Jennifer Lopez is suing her former chauffeur, Hakob Manoukian, for $20 million for him allegedly trying to extort money from her. J.Lo's lawsuit claims that her ex-driver vowed to release information he overheard while driving her unless she paid him $2.8 million.
Jennifer Lopez, 42, claims that after she fired Manoukian, he became "hostile and angry," delivering "ominous threats" to leak "sensitive and personal" secrets of hers if she didn't pay him millions, according to documents obtained by E! News. Instead of paying him, though, J.Lo filed a countersuit of her own.
The problems between Manoukian and Lopez allegedly started last summer, around the time the singer split from then-husband Mark Anthony. Manoukian left Anthony's company ARI Enterprises and offered to work for J.Lo in July of 2011, according to the lawsuit.
While employed under J.Lo, Manoukian alleges that she and her manager, Benny Medina, put him in charge of security for a Def Jam Records video shoot. He claims he hired two police officers for the job, then, the night before the shoot, he was told to cancel the security plans. Instead, Medina would be in charge and find security guards.
The chauffeur "mistakenly and unreasonably believed he had the unqualified right to designate the security team and profit from any budgetary allocations for such security," J.Lo's countersuit reads. Less than a month after being hired, Manoukian quit, also citing "intolerable" working conditions, such as a lack of paid overtime and not being allowed "to take all his proper meal periods."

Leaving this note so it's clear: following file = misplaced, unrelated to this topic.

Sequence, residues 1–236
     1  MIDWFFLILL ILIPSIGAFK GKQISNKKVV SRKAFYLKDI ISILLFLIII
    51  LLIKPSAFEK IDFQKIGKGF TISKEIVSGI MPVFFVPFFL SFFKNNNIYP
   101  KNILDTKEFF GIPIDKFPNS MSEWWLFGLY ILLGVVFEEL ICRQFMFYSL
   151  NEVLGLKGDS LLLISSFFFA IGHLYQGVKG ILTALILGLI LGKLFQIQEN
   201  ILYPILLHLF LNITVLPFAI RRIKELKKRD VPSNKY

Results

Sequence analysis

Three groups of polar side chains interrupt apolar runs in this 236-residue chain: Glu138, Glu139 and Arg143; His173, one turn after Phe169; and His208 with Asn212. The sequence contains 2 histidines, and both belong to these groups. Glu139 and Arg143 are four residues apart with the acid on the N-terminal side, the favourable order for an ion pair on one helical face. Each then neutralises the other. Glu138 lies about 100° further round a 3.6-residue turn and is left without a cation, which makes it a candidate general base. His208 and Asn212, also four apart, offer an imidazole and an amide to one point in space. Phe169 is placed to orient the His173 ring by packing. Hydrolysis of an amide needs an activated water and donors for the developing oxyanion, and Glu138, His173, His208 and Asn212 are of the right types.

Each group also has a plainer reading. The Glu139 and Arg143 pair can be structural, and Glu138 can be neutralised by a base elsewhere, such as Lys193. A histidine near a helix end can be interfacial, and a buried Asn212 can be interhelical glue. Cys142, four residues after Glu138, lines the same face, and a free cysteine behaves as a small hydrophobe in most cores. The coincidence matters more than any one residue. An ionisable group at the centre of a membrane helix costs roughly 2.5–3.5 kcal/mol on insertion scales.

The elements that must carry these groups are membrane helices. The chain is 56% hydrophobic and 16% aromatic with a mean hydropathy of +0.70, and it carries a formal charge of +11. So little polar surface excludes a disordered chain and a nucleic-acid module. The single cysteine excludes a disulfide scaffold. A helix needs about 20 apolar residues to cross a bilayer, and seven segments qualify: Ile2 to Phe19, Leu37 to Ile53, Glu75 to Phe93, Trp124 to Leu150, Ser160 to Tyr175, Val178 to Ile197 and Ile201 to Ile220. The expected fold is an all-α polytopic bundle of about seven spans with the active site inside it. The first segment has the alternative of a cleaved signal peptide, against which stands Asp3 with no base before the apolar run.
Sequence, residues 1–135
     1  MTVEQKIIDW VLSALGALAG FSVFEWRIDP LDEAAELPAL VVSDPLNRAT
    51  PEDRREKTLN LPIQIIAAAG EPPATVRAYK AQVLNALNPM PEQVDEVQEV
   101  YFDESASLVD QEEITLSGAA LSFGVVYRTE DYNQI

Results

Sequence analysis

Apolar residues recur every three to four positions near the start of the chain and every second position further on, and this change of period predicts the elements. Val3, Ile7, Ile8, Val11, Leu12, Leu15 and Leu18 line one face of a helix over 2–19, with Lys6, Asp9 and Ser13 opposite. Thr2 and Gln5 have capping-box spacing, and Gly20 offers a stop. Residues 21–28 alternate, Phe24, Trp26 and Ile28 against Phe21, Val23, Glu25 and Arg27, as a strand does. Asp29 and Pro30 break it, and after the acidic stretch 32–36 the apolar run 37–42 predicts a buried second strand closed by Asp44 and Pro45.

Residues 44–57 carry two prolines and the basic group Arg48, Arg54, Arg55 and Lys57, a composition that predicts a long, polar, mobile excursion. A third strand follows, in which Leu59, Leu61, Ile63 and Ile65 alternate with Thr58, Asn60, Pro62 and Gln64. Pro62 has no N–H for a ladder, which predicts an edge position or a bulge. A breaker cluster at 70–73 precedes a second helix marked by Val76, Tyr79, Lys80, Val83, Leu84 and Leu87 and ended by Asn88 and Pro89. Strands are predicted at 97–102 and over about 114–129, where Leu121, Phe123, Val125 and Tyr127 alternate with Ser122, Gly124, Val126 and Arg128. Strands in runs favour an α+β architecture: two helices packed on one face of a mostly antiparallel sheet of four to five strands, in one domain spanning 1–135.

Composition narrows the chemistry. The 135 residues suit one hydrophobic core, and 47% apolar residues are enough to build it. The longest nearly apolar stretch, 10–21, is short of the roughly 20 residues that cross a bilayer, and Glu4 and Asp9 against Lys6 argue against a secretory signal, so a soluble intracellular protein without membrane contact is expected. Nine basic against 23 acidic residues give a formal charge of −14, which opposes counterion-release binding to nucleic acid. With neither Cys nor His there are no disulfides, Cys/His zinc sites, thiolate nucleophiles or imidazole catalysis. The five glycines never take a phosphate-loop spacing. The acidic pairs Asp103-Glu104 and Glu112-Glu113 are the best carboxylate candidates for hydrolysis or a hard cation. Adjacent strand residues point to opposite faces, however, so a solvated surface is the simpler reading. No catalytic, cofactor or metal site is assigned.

"In the furtherance of this plot, he abruptly terminated his employment with Ms. Lopez and began to threaten her," Lopez's lawsuit reads.
April of this year, Manoukian filed a lawsuit against Anthony, Medina and Lopez for what he claims was his full salary- $72,000 originally, but when combined with "production pay," it was expected to be in the $200,000 range.
Lopez's countersuit asks for much more. $20 million was demanded of Manoukian by Lopez's legal team because of the "irreparable injury" caused the star. The demand is even more than what J.Lo gave up by leaving her job judging "American Idol"- a position worth $17 million.
Furthering Lopez's cause is a confidentiality clause the star claims Manoukian signed agreeing never to disclose anything about her personal life or family.
One thing is for sure: blackmail and extortion are crimes. In the state of California, those found guilty of blackmail face four years in prison.